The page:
Statins Could Help Prevent Some Pregnancy Ills

By Ruth Kava — Jul 27, 2016
Statins, those drugs widely used to lower blood cholesterol levels may have an added benefit for pregnant women. In a small study, researchers have found that women with an increased risk of preeclampsia, and their babies, can benefit from timely treatment with statins.
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By now most folks are aware that the class of drugs called statins can lower levels of blood cholesterol by their action on the liver and thus help prevent heart attacks. But they may be able to do more than that. In addition to their effectiveness lowering cholesterol, statins have anti-inflammatory effects. And a small, new, study demonstrated the efficacy of one statin in preventing the negative consequences of antiphospholipid syndrome (APS) for pregnant women and their offspring.

APS is an autoimmune disease in which the body produces antibodies against phospholipids — molecules that are an integral part of cell membranes. If a woman with APS becomes pregnant both she and her baby have an increased risk of negative consequences. The mother may develop preeclampsia (PE) — possibly life-threatening for both mother and baby; and the infant will be more likely to be growth-retarded and premature.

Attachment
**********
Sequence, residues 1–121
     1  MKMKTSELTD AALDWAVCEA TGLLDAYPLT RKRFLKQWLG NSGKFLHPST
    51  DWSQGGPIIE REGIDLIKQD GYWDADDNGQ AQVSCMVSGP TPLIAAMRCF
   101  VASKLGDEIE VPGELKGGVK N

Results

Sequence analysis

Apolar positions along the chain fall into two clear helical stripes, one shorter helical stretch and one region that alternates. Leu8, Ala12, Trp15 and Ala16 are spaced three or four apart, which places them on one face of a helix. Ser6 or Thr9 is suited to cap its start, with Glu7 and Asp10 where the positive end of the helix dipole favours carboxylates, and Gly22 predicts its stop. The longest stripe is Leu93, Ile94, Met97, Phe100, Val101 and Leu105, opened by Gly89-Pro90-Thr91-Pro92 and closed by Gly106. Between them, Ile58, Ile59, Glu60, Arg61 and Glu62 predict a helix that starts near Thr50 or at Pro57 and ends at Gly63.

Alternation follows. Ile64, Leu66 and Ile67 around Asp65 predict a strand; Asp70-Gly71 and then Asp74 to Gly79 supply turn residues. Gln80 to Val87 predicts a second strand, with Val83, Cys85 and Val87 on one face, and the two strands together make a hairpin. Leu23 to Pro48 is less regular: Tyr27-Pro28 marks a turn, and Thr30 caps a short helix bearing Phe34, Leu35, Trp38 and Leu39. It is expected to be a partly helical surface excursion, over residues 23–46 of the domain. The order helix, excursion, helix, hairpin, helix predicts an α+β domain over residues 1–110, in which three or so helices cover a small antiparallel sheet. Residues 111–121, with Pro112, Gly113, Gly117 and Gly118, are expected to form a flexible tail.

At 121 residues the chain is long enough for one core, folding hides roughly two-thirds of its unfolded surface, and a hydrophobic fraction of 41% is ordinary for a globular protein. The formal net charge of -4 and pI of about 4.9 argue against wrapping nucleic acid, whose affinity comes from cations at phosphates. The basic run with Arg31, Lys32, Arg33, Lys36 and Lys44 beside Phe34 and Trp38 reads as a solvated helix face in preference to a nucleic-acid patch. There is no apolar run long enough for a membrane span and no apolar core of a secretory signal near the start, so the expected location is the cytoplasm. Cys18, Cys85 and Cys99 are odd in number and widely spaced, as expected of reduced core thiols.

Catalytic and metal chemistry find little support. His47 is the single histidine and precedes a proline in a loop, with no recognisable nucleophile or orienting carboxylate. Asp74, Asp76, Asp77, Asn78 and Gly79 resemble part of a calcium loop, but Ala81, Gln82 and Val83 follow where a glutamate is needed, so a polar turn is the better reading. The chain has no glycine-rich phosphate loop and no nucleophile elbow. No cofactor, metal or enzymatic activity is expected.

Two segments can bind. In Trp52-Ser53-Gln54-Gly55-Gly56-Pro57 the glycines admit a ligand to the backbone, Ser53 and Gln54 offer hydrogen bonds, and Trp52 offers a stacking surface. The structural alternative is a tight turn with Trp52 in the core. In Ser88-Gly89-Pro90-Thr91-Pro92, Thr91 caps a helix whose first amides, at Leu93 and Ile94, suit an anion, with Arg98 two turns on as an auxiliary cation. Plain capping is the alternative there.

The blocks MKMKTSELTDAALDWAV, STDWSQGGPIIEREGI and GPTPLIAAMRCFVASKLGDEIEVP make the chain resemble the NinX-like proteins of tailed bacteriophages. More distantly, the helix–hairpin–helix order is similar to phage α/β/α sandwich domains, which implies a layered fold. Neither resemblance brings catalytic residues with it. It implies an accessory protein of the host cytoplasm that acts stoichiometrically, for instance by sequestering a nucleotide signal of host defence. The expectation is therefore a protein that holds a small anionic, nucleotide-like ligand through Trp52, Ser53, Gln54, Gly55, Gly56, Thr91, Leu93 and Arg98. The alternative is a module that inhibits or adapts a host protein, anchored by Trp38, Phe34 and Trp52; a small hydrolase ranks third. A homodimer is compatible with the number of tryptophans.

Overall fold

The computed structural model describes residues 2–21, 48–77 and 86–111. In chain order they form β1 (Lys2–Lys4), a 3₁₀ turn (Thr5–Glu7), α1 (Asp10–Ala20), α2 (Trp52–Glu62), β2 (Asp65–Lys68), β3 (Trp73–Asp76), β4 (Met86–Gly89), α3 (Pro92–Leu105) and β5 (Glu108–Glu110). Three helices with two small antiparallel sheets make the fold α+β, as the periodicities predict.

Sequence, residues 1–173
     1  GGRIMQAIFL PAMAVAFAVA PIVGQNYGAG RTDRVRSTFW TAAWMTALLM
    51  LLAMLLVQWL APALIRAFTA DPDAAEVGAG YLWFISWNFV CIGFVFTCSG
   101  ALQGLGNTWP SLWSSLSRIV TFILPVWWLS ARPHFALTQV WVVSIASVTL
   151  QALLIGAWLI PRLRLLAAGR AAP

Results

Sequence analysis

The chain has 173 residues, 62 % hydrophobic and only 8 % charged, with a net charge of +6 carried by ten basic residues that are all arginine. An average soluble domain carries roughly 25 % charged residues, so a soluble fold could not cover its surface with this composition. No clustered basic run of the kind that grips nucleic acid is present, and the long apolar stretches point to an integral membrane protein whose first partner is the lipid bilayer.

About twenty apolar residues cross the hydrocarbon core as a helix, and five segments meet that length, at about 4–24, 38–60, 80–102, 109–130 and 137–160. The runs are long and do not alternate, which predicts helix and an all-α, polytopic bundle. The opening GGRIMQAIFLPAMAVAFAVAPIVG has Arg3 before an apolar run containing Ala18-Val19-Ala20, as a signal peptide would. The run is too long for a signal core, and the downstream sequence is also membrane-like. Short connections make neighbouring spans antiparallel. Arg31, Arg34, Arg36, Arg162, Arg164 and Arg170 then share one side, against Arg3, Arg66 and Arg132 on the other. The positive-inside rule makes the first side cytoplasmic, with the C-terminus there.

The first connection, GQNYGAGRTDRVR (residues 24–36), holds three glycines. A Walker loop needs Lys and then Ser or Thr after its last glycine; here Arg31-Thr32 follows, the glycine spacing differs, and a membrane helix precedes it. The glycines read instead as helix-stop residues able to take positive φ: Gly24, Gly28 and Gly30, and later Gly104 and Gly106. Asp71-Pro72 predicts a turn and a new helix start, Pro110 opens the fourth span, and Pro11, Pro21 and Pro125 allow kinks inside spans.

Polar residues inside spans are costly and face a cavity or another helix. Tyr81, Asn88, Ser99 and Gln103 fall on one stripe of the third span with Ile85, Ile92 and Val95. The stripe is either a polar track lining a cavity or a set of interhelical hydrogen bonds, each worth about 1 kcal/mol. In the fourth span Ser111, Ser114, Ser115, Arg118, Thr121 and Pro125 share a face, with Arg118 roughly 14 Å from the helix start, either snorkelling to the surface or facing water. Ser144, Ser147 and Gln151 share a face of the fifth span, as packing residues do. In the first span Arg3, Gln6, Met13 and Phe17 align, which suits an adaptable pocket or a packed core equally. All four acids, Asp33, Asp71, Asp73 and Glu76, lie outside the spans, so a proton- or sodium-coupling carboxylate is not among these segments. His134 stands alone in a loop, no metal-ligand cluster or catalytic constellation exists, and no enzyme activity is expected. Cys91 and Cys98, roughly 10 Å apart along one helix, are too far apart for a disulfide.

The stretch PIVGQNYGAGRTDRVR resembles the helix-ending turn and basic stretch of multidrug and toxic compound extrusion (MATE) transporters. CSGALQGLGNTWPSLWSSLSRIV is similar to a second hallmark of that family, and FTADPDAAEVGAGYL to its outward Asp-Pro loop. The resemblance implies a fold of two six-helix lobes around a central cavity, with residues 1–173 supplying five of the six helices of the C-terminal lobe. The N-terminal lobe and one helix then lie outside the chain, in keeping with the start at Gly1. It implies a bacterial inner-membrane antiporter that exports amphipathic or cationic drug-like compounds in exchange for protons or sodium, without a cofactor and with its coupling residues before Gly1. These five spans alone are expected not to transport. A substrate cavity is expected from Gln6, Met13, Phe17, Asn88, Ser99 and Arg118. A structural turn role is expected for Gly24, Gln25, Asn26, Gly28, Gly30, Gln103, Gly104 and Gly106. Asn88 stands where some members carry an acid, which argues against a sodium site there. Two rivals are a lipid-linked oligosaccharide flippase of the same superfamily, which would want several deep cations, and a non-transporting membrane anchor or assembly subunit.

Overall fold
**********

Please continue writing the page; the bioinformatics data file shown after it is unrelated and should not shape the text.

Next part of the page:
The typical treatment for such women has been anti-clotting treatments such as low-dose aspirin and heparin, which don't protect against some of APS's negative effects. However, animal studies have suggested that statins could be useful in preventing complications of APS during pregnancy.

Dr. Guillermina Girardi from King's College, London, UK, and colleagues from Aristotle University of Thessaloniki, Thessaloniki, Greece, tested the efficacy of pravastatin in a small study of 21 pregnant women with APS who developed PE or whose babies developed growth retardation. Ten women received the standard anti-clotting therapy (the control group); the other eleven received that therapy plus pravastatin.

In the control group, only six of the eleven babies were born alive, and 3 of these showed signs of abnormal development. But in the group treated with pravastatin, all 10 infants survived, and deliveries occurred at or close to term.

Doppler imaging demonstrated enhanced blood flow in the placentas of the women treated with pravastatin and the authors suggested: "The rapid response to pravastatin observed in uterine artery hemodynamic parameters suggests that pravastatin might be targeting placental vasculopathy in APS patients who develop PE."

Although the prevalence of APS itself is not high, pre-eclampsia is a not unusual complication of pregnancy. Indeed, "Ten million women develop pre-eclampsia each year worldwide; from these instances, approximately 76,000 pregnant women and 500,000 babies die" the authors stated. Thus the implications of the present study bode well for women with or without APS.

While this small study is obviously preliminary, further research and independent replication may well establish statins as an effective tool to control PE and prevent its negative consequences for both mother and baby.